To some extent Bloom is right that Yeats’s exposition of Blake’s system prefigures much of A Vision, though probably more because it represents the meeting of the esoteric and the poetic, reflecting the cast of Yeats’s mind, than because Blake’s writing is the source of A Vision. Yeats himself wrote in 1921, some three years after the advent of the System: ‘I am persuaded that our intellects at twenty contain all the truths that we shall ever find, but as yet we do not know truths that belong to us from opinions caught up in casual irritation or momentary fantasy. As life goes on we discover that certain thoughts sustain us in defeat, or give us victory, whether over ourselves or others, and it is these thoughts, tested by passion, that we call convictions’ (Au 189). Though truths are not the same as information, Yeats implies that these central thoughts of his mind predate the work on Blake, which he started at twenty-four, as much as that on A Vision, which he started at fifty-two.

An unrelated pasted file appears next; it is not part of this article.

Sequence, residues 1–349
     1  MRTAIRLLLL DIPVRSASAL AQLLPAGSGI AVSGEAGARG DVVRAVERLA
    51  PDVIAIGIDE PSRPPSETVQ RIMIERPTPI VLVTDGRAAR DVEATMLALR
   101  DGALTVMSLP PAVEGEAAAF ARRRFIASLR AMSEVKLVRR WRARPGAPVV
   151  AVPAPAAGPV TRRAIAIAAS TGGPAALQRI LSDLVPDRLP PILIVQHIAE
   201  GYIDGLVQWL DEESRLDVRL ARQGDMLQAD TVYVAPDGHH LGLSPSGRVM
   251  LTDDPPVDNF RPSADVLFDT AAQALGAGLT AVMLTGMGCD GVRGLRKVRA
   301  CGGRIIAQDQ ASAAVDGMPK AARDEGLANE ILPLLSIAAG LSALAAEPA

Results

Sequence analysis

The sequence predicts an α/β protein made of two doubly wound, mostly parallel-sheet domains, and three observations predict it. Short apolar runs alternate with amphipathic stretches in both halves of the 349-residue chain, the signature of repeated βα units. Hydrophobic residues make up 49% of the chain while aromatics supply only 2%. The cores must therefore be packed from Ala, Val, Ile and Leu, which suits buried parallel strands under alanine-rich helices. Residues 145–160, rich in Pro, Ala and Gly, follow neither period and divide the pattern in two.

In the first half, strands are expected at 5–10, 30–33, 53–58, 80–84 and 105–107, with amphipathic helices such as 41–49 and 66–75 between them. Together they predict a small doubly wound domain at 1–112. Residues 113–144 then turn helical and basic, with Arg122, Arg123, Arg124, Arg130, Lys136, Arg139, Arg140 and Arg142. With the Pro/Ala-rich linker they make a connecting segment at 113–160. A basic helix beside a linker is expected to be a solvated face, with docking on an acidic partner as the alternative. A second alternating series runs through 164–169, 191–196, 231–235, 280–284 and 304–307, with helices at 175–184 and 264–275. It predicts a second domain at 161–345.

George Russell (AE) had early been struck by how Yeats’s ‘imagination was dominated by his own myth of duality in self, of being and shadow’, and thought that, ‘somewhere in his boyhood at the first contact of inner and outer he became aware of a duality in his being’, so that, ‘Concealed or unconcealed, this preoccupation of the poet with that dualism of being and shadow is in much that he has written, until at last it becomes self-conscious in the Vision, a gigantic philosophy of self and anti-self’ (Song and its Fountains 10-11). Yeats himself links this polarised vision to Blake: